Adstock remembers: Relatives and villagers remember First World War fallen at poignant ceremony
The village of Adstock enjoyed a fantastic turnout last Saturday for the unveiling of a '˜Tommy' silhouette as part of their celebrations marking 100 years since the end of the First World War.
As part of the commemorative event, an appeal was put out, with help from this paper, to find relatives of seven villagers who were known to have been killed in the war.
We’re proud to say that as a result of our article in support of the search, three of the seven soldiers were represented by relatives for the unveiling outside the village’s war memorial.
Organiser Neil Fraser-Smith said: “The Parish Council was delighted to be contacted by the relatives through the Advertiser as we had had no luck hunting for them ourselves.”
Private Henry (Harry) Phillips, L/Sergeant Reginald Phillips & Sergeant George Sirett all had family members in attendance to pay their respects.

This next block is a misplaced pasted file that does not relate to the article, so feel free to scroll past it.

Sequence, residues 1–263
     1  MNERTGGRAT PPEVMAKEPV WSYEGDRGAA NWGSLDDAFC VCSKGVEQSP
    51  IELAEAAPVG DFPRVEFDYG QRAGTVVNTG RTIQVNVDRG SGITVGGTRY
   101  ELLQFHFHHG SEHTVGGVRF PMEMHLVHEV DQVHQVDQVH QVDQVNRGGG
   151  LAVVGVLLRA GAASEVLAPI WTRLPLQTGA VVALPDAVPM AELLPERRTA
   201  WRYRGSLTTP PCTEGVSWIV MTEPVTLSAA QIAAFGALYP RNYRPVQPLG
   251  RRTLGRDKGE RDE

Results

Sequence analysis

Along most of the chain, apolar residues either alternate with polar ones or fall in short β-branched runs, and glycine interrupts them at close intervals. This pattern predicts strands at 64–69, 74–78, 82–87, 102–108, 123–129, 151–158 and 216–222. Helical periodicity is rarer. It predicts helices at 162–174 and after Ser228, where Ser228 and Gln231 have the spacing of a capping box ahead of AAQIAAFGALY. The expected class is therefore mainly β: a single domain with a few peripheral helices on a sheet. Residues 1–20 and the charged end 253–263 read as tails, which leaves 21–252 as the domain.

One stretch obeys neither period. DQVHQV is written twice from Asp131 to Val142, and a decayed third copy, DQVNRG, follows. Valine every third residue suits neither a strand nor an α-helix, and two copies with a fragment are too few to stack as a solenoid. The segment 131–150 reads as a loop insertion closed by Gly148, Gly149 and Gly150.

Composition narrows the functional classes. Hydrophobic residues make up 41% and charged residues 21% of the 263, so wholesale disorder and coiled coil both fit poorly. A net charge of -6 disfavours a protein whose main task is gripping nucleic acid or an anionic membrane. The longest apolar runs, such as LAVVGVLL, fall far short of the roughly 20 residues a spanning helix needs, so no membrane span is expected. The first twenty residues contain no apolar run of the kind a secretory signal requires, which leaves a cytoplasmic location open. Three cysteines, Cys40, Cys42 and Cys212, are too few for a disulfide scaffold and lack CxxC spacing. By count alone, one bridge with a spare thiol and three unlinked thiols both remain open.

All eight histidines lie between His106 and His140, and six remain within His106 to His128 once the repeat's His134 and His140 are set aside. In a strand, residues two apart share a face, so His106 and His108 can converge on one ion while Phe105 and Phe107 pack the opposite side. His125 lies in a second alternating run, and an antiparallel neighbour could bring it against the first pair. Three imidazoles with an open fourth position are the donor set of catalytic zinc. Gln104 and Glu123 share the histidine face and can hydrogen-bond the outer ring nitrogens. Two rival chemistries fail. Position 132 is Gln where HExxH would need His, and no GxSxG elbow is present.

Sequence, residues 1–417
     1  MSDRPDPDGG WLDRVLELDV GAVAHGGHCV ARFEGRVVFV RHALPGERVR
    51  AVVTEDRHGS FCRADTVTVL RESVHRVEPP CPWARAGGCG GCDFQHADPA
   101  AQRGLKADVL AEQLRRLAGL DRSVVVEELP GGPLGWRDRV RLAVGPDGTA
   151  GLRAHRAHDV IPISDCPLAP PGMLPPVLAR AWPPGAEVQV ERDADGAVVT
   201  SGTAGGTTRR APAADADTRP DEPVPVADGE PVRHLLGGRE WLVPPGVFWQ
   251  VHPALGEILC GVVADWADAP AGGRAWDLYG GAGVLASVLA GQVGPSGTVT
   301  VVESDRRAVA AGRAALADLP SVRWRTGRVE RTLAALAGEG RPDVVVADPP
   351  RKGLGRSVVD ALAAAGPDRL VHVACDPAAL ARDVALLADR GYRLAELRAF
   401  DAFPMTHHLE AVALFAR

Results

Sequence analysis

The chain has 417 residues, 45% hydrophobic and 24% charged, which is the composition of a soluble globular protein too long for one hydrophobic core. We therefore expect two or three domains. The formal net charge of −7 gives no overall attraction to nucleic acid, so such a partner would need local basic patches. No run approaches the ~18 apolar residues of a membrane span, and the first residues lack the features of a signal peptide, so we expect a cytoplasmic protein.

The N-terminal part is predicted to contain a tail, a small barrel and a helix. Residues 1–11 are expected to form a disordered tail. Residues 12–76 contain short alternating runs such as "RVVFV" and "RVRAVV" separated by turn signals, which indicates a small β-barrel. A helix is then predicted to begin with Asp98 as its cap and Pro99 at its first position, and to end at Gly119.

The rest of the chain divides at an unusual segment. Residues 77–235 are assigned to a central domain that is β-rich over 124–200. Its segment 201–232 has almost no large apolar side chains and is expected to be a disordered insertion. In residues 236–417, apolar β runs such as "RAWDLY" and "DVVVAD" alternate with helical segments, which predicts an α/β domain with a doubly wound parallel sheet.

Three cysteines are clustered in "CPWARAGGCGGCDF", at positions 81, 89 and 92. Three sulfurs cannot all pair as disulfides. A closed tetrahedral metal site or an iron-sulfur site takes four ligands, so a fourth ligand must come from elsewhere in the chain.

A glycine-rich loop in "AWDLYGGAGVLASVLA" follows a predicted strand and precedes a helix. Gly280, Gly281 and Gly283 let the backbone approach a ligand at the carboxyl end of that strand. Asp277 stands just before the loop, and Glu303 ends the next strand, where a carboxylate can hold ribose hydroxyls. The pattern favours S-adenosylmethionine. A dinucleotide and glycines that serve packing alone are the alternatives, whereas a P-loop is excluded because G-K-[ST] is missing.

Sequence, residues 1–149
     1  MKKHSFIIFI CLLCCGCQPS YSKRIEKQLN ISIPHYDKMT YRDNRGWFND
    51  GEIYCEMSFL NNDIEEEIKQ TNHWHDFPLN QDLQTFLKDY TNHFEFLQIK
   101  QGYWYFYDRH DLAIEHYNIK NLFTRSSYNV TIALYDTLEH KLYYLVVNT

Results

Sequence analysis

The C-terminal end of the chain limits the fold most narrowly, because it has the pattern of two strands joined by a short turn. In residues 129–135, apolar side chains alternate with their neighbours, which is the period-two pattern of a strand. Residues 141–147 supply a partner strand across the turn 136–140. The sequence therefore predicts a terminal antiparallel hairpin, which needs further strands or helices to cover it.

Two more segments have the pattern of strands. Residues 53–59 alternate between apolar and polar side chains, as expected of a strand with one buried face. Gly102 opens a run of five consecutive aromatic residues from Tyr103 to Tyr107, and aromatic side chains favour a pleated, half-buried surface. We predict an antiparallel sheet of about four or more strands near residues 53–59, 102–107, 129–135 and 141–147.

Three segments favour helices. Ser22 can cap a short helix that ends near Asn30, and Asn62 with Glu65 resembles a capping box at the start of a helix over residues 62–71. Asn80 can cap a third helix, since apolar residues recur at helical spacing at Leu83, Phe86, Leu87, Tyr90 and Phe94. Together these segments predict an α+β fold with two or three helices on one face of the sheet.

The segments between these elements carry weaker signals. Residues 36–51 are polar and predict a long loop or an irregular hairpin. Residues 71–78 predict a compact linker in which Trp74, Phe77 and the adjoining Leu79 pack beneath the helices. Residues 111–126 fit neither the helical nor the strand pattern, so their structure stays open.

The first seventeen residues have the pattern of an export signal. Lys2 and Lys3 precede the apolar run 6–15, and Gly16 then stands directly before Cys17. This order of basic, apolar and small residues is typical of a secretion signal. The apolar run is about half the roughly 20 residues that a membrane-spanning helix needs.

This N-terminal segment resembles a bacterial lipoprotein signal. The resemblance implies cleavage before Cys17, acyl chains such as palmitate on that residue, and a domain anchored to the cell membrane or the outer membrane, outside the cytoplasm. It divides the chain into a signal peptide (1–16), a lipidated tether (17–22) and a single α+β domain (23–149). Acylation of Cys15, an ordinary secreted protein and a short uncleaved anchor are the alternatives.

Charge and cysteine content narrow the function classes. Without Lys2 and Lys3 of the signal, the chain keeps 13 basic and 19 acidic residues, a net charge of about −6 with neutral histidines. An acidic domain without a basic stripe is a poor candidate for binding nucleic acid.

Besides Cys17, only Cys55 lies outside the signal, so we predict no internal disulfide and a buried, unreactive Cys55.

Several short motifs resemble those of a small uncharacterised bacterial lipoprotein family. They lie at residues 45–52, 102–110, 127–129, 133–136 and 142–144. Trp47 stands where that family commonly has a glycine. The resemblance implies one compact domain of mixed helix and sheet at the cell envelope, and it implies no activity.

Sally-Ann Phillips, whose Great Uncle was Harry Phillips, proudly shared a photo of the Private in full uniform and brought with her the infamous ‘dead man’s penny’ that was sent to the families of those who died after the war.
The ceremony began with The Milton Keynes Pipers and Drummers playing while they walked down from the church to the war memorial. Some people in Adstock, organised by Shelia Wood, had knitted poppies which were placed on the path and tied to railings, creating a really eye catching display.
Col Mike Vince MBE, who had agreed to attend, then read out the names of the fallen. As each name was called, a child from the village planted a poppy in front of the memorial.
Finally, the Tommy silhouette was unveiled by Col Vince to a drum roll.
Neil Fraser-Smith said: “It was a very moving event.